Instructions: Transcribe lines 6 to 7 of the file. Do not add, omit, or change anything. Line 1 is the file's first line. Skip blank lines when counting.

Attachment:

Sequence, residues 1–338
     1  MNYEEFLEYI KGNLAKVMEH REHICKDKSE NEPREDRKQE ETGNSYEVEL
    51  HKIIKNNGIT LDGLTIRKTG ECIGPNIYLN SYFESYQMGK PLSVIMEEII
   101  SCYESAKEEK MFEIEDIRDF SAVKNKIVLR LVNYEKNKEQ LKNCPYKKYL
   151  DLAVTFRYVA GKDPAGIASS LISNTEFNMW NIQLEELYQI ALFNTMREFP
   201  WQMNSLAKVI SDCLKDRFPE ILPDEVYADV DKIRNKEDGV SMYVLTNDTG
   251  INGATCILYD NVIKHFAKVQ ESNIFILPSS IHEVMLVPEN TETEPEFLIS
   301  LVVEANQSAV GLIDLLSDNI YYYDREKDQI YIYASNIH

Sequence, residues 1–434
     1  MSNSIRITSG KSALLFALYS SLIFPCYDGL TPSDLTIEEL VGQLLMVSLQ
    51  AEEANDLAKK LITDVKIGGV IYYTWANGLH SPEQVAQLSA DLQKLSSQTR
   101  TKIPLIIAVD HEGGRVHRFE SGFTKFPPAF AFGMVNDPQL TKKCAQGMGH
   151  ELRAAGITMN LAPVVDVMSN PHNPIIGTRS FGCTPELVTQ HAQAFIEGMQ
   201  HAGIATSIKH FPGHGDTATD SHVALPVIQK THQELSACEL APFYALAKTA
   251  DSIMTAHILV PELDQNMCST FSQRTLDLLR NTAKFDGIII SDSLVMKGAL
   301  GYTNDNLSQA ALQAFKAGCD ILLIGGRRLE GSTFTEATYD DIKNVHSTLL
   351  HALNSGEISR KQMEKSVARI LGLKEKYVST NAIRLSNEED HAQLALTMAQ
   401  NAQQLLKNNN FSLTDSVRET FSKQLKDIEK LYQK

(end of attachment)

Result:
   201  WQMNSLAKVI SDCLKDRFPE ILPDEVYADV DKIRNKEDGV SMYVLTNDTG
   251  INGATCILYD NVIKHFAKVQ ESNIFILPSS IHEVMLVPEN TETEPEFLIS